New York Review Books Classics, US$18.95 pb, 480 pp, 9781681371993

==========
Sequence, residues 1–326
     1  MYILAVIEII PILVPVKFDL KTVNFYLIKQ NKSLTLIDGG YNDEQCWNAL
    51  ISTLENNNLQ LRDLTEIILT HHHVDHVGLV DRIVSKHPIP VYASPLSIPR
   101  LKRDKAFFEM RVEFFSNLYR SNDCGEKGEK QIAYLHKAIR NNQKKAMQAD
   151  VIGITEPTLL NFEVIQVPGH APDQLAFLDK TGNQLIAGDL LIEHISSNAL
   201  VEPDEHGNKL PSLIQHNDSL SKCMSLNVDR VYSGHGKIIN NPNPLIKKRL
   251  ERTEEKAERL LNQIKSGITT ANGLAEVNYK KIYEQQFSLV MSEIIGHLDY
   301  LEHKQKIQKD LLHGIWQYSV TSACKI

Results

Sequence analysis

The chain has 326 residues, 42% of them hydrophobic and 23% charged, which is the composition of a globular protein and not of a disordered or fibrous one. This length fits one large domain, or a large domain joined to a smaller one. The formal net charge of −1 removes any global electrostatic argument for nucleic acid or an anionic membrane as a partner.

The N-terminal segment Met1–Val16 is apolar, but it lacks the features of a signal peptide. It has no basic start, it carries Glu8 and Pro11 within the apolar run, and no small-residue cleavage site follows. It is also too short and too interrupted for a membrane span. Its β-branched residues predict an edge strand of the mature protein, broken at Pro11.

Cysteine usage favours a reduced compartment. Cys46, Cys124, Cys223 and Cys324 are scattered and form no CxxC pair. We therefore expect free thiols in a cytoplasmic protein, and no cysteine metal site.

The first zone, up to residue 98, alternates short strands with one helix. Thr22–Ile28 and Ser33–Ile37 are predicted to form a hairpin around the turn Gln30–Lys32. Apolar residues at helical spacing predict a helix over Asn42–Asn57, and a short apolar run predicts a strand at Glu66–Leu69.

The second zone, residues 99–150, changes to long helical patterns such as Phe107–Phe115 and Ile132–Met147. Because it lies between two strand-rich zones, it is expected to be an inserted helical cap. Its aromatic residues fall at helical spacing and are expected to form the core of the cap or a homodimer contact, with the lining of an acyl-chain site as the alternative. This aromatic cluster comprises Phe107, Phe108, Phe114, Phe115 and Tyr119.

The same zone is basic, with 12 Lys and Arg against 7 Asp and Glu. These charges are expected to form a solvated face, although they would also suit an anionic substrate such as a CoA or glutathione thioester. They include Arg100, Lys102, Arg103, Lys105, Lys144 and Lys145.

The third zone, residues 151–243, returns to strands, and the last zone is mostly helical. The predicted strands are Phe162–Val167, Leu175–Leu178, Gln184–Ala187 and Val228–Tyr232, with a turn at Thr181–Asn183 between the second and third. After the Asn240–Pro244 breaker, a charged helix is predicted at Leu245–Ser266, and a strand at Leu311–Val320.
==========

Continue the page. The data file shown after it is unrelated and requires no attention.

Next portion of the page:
Revered in Germany as one of the founders of literary modernism, the equal of Robert Musil and Thomas Mann, Alfred Döblin (1878–1957) has remained something of a mystery to English readers. Some are aware of Berlin Alexanderplatz: The story of Franz Biberkopf, translated by Eugene Jolas soon after its appearance in 1929. But even this great novel of the modern metropolis seems to have been largely displaced since 1980 by Rainer Werner Fassbinder’s brilliant but distorted film version, which presents women as passive, even willing, victims of the male violence prevalent in postwar German society – and thus saddles Döblin with Fassbinder’s own misogyny. Michael Hofmann’s new translation, more attuned than Jolas’s to the coruscating irony in Döblin’s treatment of his anti-hero, provides a welcome opportunity to re-enter the world of Berlin and to more fully experience its agony and its vitality in the year before the Great Depression tipped Germany over into totalitarianism.